Risk factors for developing osteomyelitis in patients with diabetic foot wounds

Lawrence A Lavery, Edgar J G Peters, David G Armstrong, Christopher S Wendel, Douglas P Murdoch, Benjamin A Lipsky

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112 Citations (Scopus)


AIMS: Osteomyelitis worsens the prognosis in the diabetic foot, but predisposing factors remain largely undefined. In a prospectively followed cohort we assessed risk factors for developing osteomyelitis.

METHODS: We enrolled consecutive persons with diabetes who presented to a managed-care diabetes disease management program. The patients underwent standardized assessments. We monitored for all foot complications, defined infections by criteria consistent with International Working Group guidelines, and defined osteomyelitis as a positive culture from a bone specimen.

RESULTS: 1666 persons were enrolled, 50% male, mean age 69 years. Over a mean of 27.2 months of follow-up, 151 patients developed foot infections, 30 (19.9%) of which involved bone. Independent risk factors for osteomyelitis were: wounds that extended to bone or joint (relative risk [RR]=23.1), previous history of a wound prior to enrollment (RR=2.2), and recurrent or multiple wounds during the study period (RR=1.9).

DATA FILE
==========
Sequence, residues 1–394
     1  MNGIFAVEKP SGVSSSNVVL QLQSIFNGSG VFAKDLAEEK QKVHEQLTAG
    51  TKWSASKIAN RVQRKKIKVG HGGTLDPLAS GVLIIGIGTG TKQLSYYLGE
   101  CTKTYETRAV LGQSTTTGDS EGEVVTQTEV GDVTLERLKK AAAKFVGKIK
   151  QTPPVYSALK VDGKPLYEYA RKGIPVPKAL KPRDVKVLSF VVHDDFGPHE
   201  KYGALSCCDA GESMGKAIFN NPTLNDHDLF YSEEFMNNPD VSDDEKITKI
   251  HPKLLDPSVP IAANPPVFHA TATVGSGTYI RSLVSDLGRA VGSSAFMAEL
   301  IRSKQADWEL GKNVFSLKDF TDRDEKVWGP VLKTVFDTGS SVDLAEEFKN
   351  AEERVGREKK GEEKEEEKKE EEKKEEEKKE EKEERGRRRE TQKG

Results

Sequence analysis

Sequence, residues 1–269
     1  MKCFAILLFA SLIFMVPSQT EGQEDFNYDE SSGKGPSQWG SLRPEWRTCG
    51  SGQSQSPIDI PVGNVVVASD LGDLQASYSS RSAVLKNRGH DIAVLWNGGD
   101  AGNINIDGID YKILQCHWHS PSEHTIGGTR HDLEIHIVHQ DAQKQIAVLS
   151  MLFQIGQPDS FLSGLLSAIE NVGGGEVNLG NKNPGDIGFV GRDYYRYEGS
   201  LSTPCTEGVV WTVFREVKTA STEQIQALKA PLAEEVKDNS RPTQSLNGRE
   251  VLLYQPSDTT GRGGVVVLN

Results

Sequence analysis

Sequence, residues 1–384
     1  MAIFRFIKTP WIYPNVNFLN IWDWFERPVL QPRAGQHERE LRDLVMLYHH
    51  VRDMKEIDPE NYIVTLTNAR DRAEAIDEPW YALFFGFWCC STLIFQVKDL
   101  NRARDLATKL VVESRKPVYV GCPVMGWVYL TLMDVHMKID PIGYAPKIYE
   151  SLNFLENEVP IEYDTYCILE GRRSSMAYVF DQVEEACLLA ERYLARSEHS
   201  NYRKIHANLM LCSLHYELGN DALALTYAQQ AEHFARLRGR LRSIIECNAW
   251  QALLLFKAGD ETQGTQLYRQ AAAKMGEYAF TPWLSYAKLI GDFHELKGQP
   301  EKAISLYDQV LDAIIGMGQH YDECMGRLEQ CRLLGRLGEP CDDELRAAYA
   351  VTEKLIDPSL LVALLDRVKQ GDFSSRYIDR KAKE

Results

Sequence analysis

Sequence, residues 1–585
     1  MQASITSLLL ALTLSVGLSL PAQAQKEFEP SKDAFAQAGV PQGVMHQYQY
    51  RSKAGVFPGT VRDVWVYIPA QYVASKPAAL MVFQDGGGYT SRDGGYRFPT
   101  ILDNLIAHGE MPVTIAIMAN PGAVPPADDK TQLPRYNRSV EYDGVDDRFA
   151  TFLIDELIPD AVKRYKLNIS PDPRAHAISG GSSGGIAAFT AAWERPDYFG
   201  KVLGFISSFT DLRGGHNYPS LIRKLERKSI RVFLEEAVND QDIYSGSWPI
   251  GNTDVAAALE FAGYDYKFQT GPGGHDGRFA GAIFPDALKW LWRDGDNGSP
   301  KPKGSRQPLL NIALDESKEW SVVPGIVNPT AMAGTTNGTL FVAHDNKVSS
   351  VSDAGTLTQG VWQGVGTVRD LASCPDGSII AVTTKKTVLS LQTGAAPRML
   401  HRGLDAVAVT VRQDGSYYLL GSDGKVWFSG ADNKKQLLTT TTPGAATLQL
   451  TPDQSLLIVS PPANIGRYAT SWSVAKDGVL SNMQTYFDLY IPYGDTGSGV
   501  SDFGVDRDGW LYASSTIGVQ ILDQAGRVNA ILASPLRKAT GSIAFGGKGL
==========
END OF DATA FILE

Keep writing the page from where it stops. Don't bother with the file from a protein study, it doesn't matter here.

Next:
CONCLUSIONS: In this study population, managed in a specialized diabetic foot care center, the results suggest that independent risk factors for developing osteomyelitis are deep, recurrent and multiple wounds. These results may help clinicians target their efforts at diagnosing foot osteomyelitis to the highest risk patients.

Original languageEnglish
Pages (from-to)347-52
Number of pages6
JournalDiabetes Research and Clinical Practice
Issue number3
Publication statusPublished - Mar 2009


  • Adult
  • Aged
  • Amputation
  • Diabetic Foot/complications
  • Female
  • Health Maintenance Organizations
  • Humans
  • Male
  • Managed Care Programs
  • Medicare
  • Middle Aged
  • Osteomyelitis/epidemiology
  • Prognosis
  • Prospective Studies
  • Risk Factors
  • Texas/epidemiology
  • United States
  • Urban Population
  • Wounds and Injuries/complications
  • Young Adult

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